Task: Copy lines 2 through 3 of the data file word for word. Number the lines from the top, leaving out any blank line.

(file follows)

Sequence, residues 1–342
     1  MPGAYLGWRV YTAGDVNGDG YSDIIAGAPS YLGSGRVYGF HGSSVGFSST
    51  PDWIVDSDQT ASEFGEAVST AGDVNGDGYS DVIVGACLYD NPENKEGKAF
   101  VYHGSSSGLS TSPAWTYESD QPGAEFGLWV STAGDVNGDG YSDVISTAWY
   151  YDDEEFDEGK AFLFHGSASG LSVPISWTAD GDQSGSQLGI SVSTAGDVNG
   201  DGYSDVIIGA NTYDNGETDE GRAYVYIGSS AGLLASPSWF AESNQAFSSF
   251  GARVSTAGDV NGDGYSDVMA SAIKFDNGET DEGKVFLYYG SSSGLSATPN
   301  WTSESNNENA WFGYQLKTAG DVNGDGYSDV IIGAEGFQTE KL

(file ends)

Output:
     1  MPGAYLGWRV YTAGDVNGDG YSDIIAGAPS YLGSGRVYGF HGSSVGFSST
    51  PDWIVDSDQT ASEFGEAVST AGDVNGDGYS DVIVGACLYD NPENKEGKAF